All Stuffed Up
Pete Ward of Wilmington, North Carolina, asks:
“The packing in my stuffing box has become so tightly compressed on the shaft that when I put the transmission in gear, the whole thing turns in the rubber hose that’s connected to the pipe going through the hull. I’ve tried to get all the old packing out with a hook, but it’s still there. I don’t want to use a hammer. Can I use something like muriatic acid or heat to get it out?”
Don Casey replies:
This is a classic case of what can happen when the nut on the stuffing box is over-tightened. Not only does the compression exclude the necessary lubricating water, over time it also compresses the packing into a hard mass that is capable of scoring the shaft. This is why stuffing boxes should always drip slightly when the shaft is turning.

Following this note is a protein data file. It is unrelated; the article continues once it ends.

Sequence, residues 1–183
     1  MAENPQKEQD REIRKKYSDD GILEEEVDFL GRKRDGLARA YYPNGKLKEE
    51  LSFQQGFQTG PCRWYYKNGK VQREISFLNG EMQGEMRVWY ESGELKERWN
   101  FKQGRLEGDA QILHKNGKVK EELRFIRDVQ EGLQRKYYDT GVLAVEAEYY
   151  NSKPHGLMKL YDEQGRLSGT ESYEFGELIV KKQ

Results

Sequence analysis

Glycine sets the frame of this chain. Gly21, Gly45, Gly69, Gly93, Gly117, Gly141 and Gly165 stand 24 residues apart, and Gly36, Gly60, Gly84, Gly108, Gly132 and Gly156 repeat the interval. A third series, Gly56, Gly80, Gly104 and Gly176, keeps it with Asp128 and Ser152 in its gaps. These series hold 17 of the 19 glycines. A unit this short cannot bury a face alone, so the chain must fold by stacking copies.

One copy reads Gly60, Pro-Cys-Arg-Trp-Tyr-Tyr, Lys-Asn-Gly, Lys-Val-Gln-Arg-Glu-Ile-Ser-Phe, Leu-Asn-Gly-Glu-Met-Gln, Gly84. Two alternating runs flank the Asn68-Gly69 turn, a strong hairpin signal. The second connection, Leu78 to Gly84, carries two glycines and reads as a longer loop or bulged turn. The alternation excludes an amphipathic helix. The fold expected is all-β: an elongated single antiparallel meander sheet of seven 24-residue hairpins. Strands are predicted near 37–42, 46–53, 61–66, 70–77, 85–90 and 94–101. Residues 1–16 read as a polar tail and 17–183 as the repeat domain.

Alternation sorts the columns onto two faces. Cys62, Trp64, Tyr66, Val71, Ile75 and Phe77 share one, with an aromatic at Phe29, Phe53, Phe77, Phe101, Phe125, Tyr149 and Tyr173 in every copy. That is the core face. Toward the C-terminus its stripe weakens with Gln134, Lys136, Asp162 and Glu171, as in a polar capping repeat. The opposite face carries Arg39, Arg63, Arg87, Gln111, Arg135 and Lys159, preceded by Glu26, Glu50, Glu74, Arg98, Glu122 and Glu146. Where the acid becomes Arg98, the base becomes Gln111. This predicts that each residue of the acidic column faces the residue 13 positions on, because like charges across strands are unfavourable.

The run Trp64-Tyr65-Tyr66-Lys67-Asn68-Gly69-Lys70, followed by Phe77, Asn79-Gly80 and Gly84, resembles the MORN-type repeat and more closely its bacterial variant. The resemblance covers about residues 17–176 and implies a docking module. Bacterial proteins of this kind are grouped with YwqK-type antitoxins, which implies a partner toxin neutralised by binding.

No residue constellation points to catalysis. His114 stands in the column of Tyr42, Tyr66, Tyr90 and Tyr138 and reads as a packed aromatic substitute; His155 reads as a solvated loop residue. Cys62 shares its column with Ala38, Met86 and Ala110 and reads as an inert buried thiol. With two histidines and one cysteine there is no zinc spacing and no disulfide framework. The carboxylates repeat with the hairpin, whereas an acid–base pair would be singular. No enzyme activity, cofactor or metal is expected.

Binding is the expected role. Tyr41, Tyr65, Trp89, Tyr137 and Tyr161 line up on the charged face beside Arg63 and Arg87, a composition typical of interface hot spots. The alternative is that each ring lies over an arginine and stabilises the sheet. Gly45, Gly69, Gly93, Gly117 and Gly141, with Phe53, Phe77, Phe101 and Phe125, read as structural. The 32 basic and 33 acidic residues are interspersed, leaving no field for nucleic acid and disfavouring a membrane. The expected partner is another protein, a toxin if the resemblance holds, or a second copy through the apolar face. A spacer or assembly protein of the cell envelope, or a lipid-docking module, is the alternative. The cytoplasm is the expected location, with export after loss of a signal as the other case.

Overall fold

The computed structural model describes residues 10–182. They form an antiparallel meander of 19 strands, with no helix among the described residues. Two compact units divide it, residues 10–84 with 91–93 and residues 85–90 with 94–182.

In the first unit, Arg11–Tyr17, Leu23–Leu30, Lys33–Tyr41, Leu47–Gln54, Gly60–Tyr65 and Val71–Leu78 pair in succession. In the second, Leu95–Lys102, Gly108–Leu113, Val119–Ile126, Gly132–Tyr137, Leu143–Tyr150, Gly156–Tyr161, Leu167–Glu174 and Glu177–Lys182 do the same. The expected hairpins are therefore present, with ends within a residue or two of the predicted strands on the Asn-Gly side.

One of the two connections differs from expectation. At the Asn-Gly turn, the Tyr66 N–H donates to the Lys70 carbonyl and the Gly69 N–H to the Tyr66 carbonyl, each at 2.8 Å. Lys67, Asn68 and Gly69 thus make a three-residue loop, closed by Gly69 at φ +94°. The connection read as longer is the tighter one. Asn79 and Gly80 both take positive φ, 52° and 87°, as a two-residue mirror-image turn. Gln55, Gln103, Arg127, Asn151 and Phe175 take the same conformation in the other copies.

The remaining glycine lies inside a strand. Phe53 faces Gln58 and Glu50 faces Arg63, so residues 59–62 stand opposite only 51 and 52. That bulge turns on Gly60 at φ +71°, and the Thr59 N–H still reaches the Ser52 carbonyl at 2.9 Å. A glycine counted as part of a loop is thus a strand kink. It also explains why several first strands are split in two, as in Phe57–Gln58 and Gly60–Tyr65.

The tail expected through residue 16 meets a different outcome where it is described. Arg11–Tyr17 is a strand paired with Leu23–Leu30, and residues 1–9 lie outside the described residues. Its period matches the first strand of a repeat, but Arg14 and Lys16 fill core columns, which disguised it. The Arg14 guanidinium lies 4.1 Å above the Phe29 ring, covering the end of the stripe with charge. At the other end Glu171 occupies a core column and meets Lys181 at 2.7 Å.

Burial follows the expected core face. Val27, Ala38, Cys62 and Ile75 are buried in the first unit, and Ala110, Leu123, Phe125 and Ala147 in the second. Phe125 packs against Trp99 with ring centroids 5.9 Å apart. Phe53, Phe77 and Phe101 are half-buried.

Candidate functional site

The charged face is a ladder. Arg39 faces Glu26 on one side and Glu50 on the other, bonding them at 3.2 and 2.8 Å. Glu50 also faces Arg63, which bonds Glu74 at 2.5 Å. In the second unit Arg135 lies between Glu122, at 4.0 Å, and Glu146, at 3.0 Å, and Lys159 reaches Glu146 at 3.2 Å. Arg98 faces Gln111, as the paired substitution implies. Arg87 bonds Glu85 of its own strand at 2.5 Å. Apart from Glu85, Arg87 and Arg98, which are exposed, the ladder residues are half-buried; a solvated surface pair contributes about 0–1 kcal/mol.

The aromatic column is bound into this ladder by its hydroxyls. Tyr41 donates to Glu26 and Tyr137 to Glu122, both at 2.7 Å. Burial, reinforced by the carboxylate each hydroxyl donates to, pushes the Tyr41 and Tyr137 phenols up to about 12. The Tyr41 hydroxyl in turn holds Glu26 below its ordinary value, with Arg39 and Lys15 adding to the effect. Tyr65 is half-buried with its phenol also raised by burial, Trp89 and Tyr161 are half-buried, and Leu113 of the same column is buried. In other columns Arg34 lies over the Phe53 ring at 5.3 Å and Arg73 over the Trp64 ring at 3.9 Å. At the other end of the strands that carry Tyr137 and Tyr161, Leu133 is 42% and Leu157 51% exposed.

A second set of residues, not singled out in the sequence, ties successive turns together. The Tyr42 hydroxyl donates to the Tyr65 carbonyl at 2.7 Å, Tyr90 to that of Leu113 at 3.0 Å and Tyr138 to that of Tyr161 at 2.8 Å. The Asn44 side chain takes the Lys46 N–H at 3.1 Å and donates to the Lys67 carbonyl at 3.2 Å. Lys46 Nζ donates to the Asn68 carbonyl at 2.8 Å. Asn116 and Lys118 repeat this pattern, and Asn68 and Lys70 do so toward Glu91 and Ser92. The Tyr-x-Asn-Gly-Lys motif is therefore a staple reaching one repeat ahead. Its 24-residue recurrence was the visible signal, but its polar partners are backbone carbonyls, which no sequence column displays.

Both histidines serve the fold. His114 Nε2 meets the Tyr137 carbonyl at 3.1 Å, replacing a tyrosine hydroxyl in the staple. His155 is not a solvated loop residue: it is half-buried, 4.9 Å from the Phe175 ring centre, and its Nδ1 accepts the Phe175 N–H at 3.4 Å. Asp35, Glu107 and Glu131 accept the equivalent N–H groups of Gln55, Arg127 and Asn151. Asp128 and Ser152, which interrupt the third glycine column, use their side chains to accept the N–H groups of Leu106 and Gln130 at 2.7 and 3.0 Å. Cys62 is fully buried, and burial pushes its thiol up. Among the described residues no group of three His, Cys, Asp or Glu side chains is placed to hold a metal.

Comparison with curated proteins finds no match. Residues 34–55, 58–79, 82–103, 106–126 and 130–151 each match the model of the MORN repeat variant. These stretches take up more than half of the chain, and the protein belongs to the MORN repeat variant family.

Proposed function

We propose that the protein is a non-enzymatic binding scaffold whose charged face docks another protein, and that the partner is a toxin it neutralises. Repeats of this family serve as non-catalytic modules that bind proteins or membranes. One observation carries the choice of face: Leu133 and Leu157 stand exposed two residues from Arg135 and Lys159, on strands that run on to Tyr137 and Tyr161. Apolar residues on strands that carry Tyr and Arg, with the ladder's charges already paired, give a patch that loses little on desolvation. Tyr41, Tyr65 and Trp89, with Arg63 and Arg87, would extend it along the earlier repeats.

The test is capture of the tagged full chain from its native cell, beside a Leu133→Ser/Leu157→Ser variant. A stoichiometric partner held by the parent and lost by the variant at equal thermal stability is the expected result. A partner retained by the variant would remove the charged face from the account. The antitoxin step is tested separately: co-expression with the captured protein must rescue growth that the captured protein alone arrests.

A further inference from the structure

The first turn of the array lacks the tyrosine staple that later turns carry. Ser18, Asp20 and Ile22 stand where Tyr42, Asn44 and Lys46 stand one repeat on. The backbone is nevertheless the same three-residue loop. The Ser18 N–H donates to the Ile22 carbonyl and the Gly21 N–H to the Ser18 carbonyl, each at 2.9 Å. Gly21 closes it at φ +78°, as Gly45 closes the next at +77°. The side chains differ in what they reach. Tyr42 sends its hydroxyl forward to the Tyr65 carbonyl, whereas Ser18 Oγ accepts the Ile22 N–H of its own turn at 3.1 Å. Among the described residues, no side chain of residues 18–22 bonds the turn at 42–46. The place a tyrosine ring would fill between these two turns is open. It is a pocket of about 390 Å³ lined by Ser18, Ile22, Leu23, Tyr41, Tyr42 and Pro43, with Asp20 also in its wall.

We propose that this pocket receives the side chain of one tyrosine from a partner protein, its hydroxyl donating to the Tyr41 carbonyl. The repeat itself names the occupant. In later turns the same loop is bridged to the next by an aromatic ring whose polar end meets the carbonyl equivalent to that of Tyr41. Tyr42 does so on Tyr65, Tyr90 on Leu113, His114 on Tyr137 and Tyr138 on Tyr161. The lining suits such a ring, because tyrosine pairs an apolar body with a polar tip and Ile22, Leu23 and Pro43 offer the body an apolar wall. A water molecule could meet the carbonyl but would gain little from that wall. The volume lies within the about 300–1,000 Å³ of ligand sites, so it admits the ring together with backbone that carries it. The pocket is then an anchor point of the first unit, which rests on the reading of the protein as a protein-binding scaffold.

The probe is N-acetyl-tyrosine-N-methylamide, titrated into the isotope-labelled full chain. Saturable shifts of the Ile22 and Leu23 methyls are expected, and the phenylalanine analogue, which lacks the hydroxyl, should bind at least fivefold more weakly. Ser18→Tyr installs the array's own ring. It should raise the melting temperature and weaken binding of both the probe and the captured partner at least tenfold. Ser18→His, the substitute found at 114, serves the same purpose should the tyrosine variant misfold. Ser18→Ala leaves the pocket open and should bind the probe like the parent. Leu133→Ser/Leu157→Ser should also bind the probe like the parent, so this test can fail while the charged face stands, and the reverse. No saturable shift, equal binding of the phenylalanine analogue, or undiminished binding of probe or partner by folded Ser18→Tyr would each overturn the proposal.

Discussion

Your situation is serious, because the hose might tear or the stern tube could be damaged, in which case you could have a catastrophic leak. The only remedy is to remove every bit of the old packing from the box. A corkscrew-like tool called a flax packing extractor (#137620 westmarine.com) is inexpensive and a good place to start. However, if the packing is especially recalcitrant—which it sounds like yours might be—I’ve had good luck clamping a shark hook in a pair of locking pliers to make an extraction tool.
If you have room to do so, threading a long, thin screw into the packing and then pulling it out can also work wonders. Don’t use acid or heat, because of the potential risk to the shaft, hose and hull. Stick with poking, prying and doing whatever else is necessary to break up and dig out all the old packing.
If the boat is out of the water you might unclamp the box from the hose and try twisting it against the locked shaft. You may even be able to slide it to a more accessible position. When the box is completely empty, put in new packing and install it in rings, not in a continuous spiral. Most boxes will accept three rings with the end seams staggered at 120-degree intervals. Tighten the packing nut until you stem the flow of water. Then run the engine and adjust the nut until you get about three drops of water per minute.